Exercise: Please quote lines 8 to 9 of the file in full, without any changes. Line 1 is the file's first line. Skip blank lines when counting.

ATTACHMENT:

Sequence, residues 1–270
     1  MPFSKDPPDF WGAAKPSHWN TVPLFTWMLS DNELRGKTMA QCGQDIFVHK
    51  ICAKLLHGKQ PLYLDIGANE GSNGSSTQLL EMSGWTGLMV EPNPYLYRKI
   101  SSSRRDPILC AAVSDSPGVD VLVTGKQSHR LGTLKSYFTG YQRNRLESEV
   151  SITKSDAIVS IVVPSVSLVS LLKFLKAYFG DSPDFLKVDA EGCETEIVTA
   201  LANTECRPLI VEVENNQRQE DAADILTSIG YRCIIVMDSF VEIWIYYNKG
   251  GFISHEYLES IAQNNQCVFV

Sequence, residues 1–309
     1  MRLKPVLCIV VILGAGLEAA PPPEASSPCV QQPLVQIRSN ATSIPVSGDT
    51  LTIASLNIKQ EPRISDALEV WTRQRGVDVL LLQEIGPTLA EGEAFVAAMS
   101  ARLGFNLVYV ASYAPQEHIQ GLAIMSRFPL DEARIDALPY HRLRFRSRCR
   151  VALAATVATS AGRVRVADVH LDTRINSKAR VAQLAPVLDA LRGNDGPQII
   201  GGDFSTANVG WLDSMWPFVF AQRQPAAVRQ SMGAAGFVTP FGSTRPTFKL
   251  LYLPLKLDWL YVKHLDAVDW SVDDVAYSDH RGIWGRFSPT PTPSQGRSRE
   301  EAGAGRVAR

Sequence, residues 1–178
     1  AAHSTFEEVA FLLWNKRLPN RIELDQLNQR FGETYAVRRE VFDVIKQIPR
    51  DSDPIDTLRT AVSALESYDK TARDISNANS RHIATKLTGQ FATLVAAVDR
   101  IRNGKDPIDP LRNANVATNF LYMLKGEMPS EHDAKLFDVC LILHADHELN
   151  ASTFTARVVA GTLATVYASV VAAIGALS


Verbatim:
Sequence, residues 1–309
     1  MRLKPVLCIV VILGAGLEAA PPPEASSPCV QQPLVQIRSN ATSIPVSGDT